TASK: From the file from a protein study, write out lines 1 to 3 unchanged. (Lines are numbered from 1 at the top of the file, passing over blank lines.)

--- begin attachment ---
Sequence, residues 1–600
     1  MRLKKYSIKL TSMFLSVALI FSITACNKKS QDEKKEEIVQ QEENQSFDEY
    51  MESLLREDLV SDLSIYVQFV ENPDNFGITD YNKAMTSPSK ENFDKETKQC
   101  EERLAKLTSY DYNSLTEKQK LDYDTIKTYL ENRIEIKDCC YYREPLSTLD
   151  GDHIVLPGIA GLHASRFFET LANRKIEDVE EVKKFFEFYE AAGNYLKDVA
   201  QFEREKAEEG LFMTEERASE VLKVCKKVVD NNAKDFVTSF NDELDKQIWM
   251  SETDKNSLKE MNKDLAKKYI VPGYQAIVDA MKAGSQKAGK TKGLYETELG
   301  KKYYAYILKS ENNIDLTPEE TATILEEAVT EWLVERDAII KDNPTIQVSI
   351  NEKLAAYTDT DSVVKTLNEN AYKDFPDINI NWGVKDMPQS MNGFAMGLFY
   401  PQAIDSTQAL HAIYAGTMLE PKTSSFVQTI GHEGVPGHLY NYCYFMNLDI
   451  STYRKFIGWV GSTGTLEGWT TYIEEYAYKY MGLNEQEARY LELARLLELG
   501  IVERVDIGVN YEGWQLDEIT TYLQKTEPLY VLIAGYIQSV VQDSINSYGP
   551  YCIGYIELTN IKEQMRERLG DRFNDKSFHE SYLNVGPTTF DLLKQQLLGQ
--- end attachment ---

Sequence, residues 1–600
     1  MRLKKYSIKL TSMFLSVALI FSITACNKKS QDEKKEEIVQ QEENQSFDEY
    51  MESLLREDLV SDLSIYVQFV ENPDNFGITD YNKAMTSPSK ENFDKETKQC